Dhe framework data are available. Starting next year, new cars can only emit an average of 95 grams of CO2 per kilometer, equivalent to around four liters of gasoline per 100 kilometers. By the year 2030, this value must fall by a further 37.5 percent. Because of adjustment calculations, the target can not yet be predicted accurately, the industry will have to land in areas around 60 to 70 grams, so between 2.5 and 3 liters of gasoline consumption. That is not possible, after all, what the engineers know so far. Politicians have set unrealistic targets in the heat of the climate debate, according to the industry and also from the FDP, whose transport spokesman Oliver Luksic says: "The limit values are too strict." The industry, however, has nothing left but to them to orient, in case of transgression threatens penalties that can be life-threatening. Although many call for technology openness, in fact the course is set, there seems to be only one way out.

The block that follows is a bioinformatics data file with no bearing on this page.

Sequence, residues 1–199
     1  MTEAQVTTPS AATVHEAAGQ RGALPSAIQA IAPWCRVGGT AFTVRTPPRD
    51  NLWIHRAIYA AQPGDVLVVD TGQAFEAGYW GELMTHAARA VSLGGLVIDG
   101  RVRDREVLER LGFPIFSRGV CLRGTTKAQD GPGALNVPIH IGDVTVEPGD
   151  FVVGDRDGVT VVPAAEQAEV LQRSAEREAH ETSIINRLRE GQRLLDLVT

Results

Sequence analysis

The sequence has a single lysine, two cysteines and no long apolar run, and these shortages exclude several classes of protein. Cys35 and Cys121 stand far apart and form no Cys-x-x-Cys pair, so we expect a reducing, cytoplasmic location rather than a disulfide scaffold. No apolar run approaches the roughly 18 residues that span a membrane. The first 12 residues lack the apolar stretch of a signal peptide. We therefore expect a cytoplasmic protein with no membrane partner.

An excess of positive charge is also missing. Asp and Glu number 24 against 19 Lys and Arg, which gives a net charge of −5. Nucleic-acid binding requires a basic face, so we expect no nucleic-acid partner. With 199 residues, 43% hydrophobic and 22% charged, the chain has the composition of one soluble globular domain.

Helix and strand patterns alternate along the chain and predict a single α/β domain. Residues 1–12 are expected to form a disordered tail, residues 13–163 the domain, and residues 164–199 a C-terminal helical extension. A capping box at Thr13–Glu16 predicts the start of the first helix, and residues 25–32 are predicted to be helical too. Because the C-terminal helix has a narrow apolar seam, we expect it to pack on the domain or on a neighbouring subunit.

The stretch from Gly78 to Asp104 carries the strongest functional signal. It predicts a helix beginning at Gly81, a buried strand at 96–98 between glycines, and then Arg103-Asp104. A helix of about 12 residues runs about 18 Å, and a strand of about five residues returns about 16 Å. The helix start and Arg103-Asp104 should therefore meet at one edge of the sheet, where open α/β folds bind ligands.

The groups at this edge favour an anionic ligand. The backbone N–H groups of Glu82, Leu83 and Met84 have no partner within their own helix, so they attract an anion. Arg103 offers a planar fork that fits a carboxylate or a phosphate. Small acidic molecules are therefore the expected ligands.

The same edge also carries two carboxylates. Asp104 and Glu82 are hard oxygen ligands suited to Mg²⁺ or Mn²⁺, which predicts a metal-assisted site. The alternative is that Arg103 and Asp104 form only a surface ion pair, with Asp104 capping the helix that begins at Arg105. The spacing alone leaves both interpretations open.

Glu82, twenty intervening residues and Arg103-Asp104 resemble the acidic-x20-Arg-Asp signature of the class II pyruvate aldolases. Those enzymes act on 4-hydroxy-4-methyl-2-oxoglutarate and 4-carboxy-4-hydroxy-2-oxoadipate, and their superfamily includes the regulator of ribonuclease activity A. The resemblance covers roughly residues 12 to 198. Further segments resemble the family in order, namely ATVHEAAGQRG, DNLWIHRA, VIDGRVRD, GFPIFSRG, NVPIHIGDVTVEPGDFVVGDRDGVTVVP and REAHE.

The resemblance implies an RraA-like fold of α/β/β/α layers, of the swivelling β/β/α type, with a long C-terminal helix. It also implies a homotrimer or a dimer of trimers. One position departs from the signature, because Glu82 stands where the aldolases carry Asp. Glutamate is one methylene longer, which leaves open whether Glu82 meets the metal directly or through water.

It's got to be electric cars, purely battery-powered and plug-in hybrids that can be recharged at the socket, and that average in with a little or zero grams of CO2. Here the question arises whether this is justified. The production of an electric car causes more of what is commonly called greenhouse gas, in particular because of the energy-intensive production of the battery, as a car with an internal combustion engine. Decisive for the environmental balance is also how the electricity consumed is obtained. In Germany, relatively much comes from coal, which weighs on the balance sheet. A new study by the non-university research institute Joanneum Research from Graz in cooperation with the automobile club ADAC now fuels doubts whether the focus on the electric car makes sense.
. (tagsToTranslate) Oliver Luksic (t) Joanneum Research (t) ADAC (t) FDP (t) Vehicle (t) Hybrid (t) Electric car